The Value Equation

The consumer buzzword is “value” and it is a highly personal thing. It’s not just about price, but what you’re getting for the price – quality, style, novelty, personal meaning, and a custom experience all create the value today’s consumers want.

“Jewelry marketers must be willing to challenge old strategies and create new designs at new price points to be sold in new ways,” advocates retail consultant Kate Peterson, president of Performance Concepts, Montgomery Village, Maryland. She cites the decline of the Baby Boomer demographic. For every Boomer who drops out of the buying pool, two consumers from the next generation (age 18 to 45) are taking their place.

“What worked with the Boomers is not relevant with the next generation of consumers who are more educated, have more choices, and don’t mind waiting to get what they want,” emphasizes Peterson. She notes that consumers are not caught up in brand names as much as what the brand represents, providing jewelers with lots of opportunities to bring in new designers and generic brands that complement their identity.

Value is important across consumer segments. Even high-income consumers, who can afford what they want, are buying a broader range of products—opting for less-expensive metal and gem options with great design—from a more diverse group of retailers, reports Pam Danziger, president of Unity Marketing in Stevens, Pennsylvania.

According to Unity’s chief consumer economist, Tom Bodenberg, the current cultural climate does not support showy displays of luxury. “Affluents are reluctant to overindulge in extravagant spending. People with means want to make smart buying decisions; playing up the quality and value of a brand while downplaying the pure ‘luxury’ of it is key.”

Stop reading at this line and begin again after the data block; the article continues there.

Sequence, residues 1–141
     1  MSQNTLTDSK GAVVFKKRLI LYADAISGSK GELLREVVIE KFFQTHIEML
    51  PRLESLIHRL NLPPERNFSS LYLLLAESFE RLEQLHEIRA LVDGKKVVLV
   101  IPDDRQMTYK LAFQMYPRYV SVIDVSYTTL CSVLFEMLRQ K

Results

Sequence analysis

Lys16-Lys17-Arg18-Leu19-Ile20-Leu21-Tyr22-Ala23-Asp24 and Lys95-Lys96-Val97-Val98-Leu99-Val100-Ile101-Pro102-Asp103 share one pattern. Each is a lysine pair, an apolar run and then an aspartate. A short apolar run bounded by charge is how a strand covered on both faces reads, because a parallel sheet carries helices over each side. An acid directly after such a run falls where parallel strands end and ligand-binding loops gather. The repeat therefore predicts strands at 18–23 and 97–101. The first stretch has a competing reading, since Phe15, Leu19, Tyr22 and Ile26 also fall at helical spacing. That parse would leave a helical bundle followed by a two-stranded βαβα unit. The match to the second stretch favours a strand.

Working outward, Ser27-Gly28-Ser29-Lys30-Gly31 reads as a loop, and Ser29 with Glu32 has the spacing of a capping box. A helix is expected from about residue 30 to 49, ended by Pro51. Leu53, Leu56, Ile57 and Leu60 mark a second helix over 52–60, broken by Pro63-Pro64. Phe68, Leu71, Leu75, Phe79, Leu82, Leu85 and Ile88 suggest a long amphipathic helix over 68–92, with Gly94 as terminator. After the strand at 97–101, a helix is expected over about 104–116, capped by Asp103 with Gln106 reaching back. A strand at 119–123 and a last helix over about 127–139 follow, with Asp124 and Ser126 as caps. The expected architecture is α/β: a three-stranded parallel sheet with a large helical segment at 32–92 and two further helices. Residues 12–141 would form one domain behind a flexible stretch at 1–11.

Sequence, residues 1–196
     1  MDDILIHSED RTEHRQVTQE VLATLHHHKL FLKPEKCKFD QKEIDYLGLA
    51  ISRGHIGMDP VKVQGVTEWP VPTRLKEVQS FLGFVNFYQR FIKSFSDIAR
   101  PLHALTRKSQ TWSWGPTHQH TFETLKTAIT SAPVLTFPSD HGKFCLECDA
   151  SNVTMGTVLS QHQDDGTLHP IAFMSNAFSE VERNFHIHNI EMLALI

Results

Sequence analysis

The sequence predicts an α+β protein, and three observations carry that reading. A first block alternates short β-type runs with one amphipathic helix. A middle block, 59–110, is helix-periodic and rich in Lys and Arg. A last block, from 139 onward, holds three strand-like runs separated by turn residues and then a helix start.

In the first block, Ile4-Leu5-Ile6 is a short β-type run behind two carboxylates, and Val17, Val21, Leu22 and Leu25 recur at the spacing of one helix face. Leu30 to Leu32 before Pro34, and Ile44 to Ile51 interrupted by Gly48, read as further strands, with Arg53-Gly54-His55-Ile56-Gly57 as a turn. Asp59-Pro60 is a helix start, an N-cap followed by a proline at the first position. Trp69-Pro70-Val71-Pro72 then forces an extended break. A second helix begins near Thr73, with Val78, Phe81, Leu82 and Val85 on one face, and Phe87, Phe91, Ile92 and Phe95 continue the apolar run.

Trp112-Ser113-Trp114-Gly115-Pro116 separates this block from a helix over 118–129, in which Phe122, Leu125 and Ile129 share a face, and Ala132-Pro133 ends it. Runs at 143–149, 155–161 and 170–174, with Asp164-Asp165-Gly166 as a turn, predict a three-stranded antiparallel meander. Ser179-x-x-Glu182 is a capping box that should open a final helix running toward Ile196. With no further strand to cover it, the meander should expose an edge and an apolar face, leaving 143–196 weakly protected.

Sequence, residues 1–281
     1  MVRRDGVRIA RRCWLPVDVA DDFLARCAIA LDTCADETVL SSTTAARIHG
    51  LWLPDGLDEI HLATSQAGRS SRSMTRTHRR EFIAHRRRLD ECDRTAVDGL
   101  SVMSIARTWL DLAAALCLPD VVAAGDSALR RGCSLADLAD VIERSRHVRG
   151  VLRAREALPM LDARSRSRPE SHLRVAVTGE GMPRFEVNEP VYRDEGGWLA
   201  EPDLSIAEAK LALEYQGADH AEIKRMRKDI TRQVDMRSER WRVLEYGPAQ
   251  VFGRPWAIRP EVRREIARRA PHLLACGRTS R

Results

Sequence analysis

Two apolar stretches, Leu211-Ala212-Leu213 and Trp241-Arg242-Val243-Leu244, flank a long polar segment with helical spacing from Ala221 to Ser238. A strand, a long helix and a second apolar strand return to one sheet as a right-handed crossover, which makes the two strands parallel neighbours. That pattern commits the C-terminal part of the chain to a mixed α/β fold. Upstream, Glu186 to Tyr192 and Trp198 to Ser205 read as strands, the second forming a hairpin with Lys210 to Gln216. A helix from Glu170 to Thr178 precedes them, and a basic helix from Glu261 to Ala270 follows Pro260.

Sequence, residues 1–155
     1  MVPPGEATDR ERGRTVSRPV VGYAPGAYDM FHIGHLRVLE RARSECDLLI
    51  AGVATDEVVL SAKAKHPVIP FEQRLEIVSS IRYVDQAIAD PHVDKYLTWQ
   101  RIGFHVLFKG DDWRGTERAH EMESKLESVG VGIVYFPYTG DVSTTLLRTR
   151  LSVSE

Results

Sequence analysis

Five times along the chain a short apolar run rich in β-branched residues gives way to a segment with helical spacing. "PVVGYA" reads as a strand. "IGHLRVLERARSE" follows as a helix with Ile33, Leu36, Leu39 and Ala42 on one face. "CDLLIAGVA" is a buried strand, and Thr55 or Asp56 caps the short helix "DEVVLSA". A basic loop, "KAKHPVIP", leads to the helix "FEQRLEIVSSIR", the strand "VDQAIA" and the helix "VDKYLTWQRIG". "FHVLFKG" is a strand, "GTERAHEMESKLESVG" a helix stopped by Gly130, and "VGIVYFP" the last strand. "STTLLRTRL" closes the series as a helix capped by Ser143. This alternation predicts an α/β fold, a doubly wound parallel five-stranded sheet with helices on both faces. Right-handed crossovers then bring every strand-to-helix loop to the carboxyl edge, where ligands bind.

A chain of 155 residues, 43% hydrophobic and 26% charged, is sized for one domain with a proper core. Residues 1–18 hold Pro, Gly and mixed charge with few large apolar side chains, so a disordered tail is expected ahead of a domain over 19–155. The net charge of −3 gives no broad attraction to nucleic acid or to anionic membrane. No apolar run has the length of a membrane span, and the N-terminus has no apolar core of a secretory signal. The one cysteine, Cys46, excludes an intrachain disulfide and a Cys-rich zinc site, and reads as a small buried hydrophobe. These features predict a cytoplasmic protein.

Among the market’s top sellers, according to post holiday reports, are moderately priced fashion styles with an emphasis on color (gems and pearls), sterling silver, bridal with diamonds and gems, custom work, and customizable design options.

Danziger advocates jewelry marketers across the board create strategies around the features, benefits, and experiences consumers are willing to pay more to get. She cites Leo Schachter Diamonds as an innovator in creating value for its customers by positioning the diamonds it sells beyond the 4Cs. “They introduced the concept of brilliance that customers can see and experience. Rather than having them look through a loupe to try to see features that only a trained jeweler can really distinguish, Leo Schachter Diamonds translated the concept of cut into what it means to customers. Brilliance makes a diamond brighter to the eye and creates a new, meaningful way to communicate value and quality.”

Peterson cites A. Jaffe: “I’m impressed by Firestar’s willingness to hold true to the decades old A. Jaffe brand promise. It continues to offer the better independent a high quality, classic design bridal line with enough distinguishing brand characteristics like nickel-free white gold, high-density castings, consistently high standards for setting and finishing and euro shanks. Most impressive is that they train retail salespeople to meet price resistance with consumer-specific value points. They understand that like most of us, the bridal consumer will spend more when they believe that they really are getting more for what they spend.”

The key: Understand what’s important to your customer. It’s not one size fits all.

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